But given the fact membership varies by region, it’s hard to paint the market in broad brush strokes. “Because our membership is so diverse, you may have some members doing a ton of work in education and others doing well in hospitality,” Ledoux said. “But we continue to look at the progress we’ve had in all these categories so we know where we need to be.”

Common interests, goals
Many longtime Starnet contractors attribute some of the success they have achieved over the years, in part, to benefits that group membership brings. Attending conference meetings also provides members with an opportunity to share practices that they might bring back to their own businesses. “I enjoyed meeting with my peers and manufacturing partners,” said David Meberg, president and CEO of Consolidated Carpets, New York. “Catching up and discussing the current events of the industry was the most valuable part of the conference.”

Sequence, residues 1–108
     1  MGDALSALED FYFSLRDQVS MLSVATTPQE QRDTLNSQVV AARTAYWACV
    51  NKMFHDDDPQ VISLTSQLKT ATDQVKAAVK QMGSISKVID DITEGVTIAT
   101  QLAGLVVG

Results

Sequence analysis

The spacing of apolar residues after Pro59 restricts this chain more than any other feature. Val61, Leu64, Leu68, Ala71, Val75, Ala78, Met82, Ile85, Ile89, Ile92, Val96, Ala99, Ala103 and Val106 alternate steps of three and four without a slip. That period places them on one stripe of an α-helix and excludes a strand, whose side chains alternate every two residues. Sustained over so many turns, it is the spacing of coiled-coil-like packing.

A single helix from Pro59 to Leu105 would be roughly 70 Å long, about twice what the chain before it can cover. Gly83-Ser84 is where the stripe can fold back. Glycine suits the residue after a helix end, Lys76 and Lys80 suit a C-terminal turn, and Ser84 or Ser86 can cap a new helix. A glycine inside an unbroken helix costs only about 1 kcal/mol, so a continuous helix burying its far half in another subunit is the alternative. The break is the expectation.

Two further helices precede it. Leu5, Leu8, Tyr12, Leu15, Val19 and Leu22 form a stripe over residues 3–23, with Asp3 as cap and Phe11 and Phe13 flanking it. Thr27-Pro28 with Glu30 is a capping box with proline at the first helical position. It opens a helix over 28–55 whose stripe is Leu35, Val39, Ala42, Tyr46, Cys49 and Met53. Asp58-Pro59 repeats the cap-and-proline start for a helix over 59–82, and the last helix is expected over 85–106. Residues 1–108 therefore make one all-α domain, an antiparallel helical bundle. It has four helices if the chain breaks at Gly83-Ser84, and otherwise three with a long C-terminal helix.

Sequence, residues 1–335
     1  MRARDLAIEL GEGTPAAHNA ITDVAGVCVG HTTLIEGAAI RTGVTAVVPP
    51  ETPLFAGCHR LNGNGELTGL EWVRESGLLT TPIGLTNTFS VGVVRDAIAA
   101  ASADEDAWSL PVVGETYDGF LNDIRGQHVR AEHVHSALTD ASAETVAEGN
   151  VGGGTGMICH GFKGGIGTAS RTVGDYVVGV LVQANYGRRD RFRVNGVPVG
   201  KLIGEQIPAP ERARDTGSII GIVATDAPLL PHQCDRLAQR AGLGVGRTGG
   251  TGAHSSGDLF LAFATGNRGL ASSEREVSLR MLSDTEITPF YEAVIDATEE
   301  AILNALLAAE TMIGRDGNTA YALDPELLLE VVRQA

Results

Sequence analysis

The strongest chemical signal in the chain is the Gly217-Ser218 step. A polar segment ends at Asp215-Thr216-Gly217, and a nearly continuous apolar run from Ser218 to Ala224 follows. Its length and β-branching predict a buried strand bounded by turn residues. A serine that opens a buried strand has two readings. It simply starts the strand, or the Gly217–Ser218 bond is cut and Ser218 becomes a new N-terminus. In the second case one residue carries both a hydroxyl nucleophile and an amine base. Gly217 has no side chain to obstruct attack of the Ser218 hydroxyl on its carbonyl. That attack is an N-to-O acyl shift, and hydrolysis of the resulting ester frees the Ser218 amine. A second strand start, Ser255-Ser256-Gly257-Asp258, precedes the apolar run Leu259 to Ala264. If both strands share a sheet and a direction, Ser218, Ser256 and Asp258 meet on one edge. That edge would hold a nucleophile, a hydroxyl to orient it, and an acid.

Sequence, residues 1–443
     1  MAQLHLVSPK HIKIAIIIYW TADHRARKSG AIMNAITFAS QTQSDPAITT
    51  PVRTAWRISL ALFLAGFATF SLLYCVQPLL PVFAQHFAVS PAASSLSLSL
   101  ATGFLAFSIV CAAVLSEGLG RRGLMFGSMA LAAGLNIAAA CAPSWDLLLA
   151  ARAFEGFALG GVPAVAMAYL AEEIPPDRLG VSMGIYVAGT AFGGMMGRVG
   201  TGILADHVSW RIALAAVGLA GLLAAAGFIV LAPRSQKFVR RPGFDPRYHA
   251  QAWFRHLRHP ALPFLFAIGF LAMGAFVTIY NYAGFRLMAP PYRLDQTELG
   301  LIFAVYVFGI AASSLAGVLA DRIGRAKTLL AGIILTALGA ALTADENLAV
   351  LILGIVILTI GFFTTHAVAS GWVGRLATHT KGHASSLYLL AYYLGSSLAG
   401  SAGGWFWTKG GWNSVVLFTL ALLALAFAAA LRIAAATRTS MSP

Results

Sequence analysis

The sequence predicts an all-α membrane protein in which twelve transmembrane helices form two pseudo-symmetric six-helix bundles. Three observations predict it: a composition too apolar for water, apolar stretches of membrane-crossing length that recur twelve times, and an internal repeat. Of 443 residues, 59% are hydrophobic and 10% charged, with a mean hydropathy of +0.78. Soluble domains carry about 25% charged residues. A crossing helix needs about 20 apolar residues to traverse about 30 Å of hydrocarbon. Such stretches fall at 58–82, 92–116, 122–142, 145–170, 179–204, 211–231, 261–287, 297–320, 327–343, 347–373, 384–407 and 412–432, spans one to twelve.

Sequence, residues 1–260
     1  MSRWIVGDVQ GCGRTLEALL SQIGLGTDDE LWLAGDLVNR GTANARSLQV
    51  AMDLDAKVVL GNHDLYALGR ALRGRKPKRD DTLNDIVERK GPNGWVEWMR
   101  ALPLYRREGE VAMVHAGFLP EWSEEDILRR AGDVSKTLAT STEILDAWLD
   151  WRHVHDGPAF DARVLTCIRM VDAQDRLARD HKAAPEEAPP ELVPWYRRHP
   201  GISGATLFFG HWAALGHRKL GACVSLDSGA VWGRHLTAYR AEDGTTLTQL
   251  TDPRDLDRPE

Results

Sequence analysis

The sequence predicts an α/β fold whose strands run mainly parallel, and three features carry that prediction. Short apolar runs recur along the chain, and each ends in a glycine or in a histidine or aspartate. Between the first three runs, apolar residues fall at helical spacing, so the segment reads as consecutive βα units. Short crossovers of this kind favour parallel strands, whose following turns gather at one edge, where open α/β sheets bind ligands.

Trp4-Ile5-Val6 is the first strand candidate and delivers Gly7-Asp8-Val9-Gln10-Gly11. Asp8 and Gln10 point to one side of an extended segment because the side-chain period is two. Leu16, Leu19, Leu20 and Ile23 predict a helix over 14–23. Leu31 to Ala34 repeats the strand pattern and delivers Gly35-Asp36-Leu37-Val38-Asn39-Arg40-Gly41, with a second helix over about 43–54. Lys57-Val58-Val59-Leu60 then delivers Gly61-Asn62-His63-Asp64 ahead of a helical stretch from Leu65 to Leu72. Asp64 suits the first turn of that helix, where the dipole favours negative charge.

Screen Shot 2017-10-27 at 12.30.57 PMIn that spirit of cooperation, Meberg shared some of his insights with the group during the lead-off session, “Building profitable and sustainable business relationships,” along with Max Cavalli, director of education, Mannington Commercial; and Kathi Kennedy, business developer, Howard’s Rug, San Diego. Starnet’s Ledoux, who moderated the panel, explained the thought process behind the group session format. “The goal of the presentation was to put a member’s perspective on the three different positions of being a flooring contractor. For owners like Meberg, you’re driving business and specifying materials. A lot of the owners within Starnet are part of the process, they have their own accounts and they’re driving their own businesses and engaged in the process.”